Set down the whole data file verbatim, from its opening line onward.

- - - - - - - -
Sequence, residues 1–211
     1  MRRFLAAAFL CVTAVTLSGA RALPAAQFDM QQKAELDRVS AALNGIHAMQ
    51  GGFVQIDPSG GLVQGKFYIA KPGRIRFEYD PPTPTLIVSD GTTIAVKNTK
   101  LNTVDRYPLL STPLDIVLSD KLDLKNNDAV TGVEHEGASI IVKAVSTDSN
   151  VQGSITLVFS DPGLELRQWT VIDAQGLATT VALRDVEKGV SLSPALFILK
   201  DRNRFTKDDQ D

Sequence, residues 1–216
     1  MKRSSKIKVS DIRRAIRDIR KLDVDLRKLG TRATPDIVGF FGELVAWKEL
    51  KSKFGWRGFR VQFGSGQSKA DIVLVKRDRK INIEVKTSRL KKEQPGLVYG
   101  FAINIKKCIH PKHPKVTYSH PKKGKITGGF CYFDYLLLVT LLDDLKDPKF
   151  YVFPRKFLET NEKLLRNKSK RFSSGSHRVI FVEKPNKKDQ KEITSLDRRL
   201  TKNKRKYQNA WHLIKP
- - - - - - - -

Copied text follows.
Sequence, residues 1–211
     1  MRRFLAAAFL CVTAVTLSGA RALPAAQFDM QQKAELDRVS AALNGIHAMQ
    51  GGFVQIDPSG GLVQGKFYIA KPGRIRFEYD PPTPTLIVSD GTTIAVKNTK
   101  LNTVDRYPLL STPLDIVLSD KLDLKNNDAV TGVEHEGASI IVKAVSTDSN
   151  VQGSITLVFS DPGLELRQWT VIDAQGLATT VALRDVEKGV SLSPALFILK
   201  DRNRFTKDDQ D

Sequence, residues 1–216
     1  MKRSSKIKVS DIRRAIRDIR KLDVDLRKLG TRATPDIVGF FGELVAWKEL
    51  KSKFGWRGFR VQFGSGQSKA DIVLVKRDRK INIEVKTSRL KKEQPGLVYG
   101  FAINIKKCIH PKHPKVTYSH PKKGKITGGF CYFDYLLLVT LLDDLKDPKF
   151  YVFPRKFLET NEKLLRNKSK RFSSGSHRVI FVEKPNKKDQ KEITSLDRRL
   201  TKNKRKYQNA WHLIKP